In each case Socrates finds that knowledge and ignorance go hand in hand, and that though he himself does not possess the knowledge of these various Athenian citizens, he neither possesses their ignorance. This is the solution to the oracle’s riddle, he argues, that though he knows nothing he also knows that he knows nothing. He is better off as he is with neither knowledge nor ignorance than he is possessing both knowledge and ignorance, he says, and this fulfills the oracle’s prophecy that he is the wisest in Athens.

The lesson of this more or less fictional account of Socrates’ trial is that what made Socrates wise was that he knew and was unashamed of the limits of his own knowledge. Any who wish to be wise, Plato implies, will follow the example of Socrates.

In his impatience, to return to my earlier example, the gentleman behind me was ready to throw wisdom out the window in a vain attempt to speed me up. Entrenched in his own limited scope and unwilling to consider alternate possibilities for my delay, he lashed out. It may still sound trite, but it’s perfectly true.

But think now about this phenomenon on a grander scale. In a TED talk that I reference more than almost anything on this blog, social psychologist Jonathan Haidt alludes to the persuasive and pervasive political narrative told by both liberals and conservatives about one another: that the reason the other side does not understand our perspective or agenda (the “truth,” as it were) is merely because they are too dumb to understand. If only that were true! God forbid the possibility that it is instead my own scorn for wisdom, through the humility of Socrates, that makes me too “dumb” to understand.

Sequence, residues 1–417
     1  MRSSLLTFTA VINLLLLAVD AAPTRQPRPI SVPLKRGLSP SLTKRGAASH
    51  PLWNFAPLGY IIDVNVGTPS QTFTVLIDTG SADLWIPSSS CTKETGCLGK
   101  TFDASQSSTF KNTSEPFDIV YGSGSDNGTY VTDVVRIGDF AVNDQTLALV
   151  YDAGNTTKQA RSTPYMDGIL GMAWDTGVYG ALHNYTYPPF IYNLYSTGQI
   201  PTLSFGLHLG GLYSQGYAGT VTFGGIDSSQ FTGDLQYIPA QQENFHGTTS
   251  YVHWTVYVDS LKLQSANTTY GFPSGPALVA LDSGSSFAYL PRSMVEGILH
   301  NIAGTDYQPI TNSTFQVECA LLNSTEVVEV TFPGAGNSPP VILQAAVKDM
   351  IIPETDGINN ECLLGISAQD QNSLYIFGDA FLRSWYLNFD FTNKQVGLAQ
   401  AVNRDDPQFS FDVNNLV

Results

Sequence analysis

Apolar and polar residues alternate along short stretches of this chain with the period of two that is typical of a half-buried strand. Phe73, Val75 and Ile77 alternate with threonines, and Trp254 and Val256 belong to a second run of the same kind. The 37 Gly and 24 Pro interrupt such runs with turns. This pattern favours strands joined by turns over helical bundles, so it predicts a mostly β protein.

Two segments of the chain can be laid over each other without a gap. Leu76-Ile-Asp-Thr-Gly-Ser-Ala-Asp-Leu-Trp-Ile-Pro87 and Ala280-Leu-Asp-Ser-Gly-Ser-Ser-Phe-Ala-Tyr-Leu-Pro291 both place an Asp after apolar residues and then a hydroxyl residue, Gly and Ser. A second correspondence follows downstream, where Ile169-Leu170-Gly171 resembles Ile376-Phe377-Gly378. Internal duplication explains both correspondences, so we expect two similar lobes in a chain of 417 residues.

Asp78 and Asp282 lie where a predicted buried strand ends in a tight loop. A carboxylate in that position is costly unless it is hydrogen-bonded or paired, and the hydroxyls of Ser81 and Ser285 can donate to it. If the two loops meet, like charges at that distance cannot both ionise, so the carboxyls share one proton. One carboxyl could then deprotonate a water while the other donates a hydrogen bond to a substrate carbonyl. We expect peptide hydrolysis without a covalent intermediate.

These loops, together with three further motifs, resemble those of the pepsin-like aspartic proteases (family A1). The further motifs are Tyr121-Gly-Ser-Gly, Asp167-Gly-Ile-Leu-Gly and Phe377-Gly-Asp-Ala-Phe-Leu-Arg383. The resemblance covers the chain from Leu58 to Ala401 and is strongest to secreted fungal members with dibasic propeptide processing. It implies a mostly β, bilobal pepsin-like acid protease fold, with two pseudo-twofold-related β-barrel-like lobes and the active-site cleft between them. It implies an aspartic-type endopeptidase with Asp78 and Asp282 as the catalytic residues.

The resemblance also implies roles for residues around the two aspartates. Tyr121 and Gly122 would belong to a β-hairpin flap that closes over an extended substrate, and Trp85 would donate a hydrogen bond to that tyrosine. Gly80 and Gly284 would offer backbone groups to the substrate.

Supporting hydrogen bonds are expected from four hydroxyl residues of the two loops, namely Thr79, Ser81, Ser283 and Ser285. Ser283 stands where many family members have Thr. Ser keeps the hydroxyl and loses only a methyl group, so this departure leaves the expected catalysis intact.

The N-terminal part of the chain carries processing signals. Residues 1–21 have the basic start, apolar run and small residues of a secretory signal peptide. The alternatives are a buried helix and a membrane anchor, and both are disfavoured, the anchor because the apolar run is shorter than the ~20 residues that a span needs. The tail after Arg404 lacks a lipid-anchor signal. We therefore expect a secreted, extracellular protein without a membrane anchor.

Particularly in American society we find ourselves in a sort of moral gridlock between liberal and conservative thinkers: the battle, we think, between “truth” as it has been revealed by science, research, statistics, and so on, and “truth” as it is understood to have been revealed in the Bible or sealed within what we might consider to be traditional American values. The hysteric battle between these sides is presented as a dilemma of irreconcilable goods.